Formula 1

German GP


Well, once again, Hamilton got the jump on Rosberg at the start of the race, but this time so did Ricciardo and Verstappen. Clean start to the race for the most part, clean pit stops, but then it all hits the fan when, once again, Rosberg tries to run someone off the track. This time it was Verstappen instead of Hamilton and the stewards didn’t buy his line of BS that he had the wheel locked (which he did… about 2 feet before the track edge).

Either way on lap 45, Rosberg finally served his 5 second penalty on his second stop. Combined with a fairly slow stop for the Mercedes boys anyway, he came back out onto the track in 6th place. Hamilton, in the meantime, stayed in clean air, managed his tires when Red Bull struggled with theirs.

Massa complained that his car was impossible to drive… the team couldn’t seem to find anything wrong with it at his final stop before he retired. Williams has struggled seriously this year when they looked like they were finally gaining some traction last season. I wonder if Massa will have a ride next season?

Things got a little interesting when on the last 6 laps of the race a light rain hit the track. Alonso and Checo had a nice little battle for 10th. Button jumped up to 8th getting the drop on Bottas.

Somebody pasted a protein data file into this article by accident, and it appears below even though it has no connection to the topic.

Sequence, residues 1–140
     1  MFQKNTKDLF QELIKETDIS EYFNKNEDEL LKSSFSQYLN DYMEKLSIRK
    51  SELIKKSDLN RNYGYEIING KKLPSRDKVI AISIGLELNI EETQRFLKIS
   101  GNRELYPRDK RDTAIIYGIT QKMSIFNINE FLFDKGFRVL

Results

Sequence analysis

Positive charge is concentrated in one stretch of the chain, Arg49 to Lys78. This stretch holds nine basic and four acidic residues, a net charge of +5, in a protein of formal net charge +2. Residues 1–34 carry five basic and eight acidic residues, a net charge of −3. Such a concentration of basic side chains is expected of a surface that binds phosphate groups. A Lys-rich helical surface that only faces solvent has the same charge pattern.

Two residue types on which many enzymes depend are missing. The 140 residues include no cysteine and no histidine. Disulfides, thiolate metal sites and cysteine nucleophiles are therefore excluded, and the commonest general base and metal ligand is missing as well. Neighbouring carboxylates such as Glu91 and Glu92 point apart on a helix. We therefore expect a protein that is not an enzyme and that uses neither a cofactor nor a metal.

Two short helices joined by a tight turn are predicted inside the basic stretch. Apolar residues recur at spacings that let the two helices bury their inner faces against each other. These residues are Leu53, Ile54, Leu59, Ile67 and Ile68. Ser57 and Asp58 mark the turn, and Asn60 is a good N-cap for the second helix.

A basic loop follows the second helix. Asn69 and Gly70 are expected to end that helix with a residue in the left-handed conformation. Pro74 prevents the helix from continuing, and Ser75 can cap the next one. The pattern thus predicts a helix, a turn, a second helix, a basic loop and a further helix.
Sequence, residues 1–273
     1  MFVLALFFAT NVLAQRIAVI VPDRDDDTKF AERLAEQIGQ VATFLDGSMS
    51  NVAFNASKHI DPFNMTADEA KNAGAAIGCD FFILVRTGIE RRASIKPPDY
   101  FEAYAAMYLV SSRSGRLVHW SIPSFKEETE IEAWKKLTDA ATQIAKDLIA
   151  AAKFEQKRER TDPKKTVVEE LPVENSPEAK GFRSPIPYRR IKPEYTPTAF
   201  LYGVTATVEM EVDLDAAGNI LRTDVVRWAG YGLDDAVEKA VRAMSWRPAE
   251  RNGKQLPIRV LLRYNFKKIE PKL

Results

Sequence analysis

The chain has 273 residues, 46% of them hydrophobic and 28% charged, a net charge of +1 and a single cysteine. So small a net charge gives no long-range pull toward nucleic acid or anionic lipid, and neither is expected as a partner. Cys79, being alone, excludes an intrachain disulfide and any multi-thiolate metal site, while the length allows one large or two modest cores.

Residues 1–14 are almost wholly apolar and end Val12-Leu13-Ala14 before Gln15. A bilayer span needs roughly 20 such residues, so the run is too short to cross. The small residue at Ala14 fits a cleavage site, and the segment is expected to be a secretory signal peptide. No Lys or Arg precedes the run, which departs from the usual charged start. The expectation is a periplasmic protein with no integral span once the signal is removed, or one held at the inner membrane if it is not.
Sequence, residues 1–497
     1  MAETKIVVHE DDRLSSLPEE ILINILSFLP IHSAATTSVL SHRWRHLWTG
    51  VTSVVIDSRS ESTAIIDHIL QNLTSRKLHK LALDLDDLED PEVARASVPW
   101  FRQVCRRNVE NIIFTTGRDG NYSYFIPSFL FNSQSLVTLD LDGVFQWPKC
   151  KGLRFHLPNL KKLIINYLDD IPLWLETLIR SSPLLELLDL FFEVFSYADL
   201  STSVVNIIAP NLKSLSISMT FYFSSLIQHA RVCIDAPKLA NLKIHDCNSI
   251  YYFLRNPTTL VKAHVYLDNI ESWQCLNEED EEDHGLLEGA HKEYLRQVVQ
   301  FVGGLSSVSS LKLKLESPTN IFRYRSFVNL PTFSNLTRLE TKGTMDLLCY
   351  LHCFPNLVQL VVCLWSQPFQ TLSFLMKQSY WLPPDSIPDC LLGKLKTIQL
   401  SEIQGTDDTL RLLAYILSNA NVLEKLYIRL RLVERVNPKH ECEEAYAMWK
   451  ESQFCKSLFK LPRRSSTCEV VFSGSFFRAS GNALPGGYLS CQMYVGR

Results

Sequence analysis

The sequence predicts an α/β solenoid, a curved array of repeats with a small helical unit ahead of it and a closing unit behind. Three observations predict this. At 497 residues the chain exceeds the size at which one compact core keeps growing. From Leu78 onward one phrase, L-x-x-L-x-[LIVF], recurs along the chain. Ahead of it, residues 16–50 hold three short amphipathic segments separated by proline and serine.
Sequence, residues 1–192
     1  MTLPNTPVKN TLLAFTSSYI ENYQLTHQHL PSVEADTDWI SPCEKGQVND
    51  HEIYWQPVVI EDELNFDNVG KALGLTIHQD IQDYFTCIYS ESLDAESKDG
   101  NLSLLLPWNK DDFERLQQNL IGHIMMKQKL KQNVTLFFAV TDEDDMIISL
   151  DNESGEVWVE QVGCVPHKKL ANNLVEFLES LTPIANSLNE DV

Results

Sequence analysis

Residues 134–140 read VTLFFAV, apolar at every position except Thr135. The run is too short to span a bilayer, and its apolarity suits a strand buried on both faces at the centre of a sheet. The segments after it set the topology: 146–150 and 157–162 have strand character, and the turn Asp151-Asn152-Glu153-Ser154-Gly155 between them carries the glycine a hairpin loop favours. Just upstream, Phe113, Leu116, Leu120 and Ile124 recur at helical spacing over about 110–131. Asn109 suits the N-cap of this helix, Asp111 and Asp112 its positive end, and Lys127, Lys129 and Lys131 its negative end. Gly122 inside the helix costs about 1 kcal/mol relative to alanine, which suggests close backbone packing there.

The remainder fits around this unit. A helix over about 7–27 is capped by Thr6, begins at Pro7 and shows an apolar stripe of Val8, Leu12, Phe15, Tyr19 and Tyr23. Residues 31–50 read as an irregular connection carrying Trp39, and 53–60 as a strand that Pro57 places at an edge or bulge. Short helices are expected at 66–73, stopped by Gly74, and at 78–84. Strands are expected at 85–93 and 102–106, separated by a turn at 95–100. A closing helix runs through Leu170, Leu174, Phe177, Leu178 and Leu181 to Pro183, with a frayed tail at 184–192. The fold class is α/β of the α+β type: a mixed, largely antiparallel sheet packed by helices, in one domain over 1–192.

Hamilton safely crossed the finish line. Red Bull closed out the podium, leaving Rosberg to pout in a corner somewhere. Now Hamilton is up on the edge as far as parts for his power plant–so after the summer break, he’s going to have to start taking grid spot penalties if anything needs replacing. Precarious, for sure, but once again, he’s in Rosberg’s head and he’s winning the mental battle.

The waiting area for the podium sure was more upbeat without Rosberg there. Much more banter between the drivers.

Pure speculation on my part, but I’m starting to think there is an agenda to make Nico a Mercedes champion. “German: driver in a German car–I get the marketing ploy, they placate him… a lot. They’re much quicker to scold Hamilton (pretty sure if Nico went to the stewards about clarification about what’s okay in a caution and what’s not, they would have left him alone) and they’re much quicker to defend his actions when they are questionable. Maybe I’m completely wrong, maybe I’m not. I’m not in that office, I can only speculate on what’s reported, what I see, and how they act toward each other.

Either way, I’m staying by my claim that there is no way both drivers will still be driving for Mercedes through the end of their new contracts.

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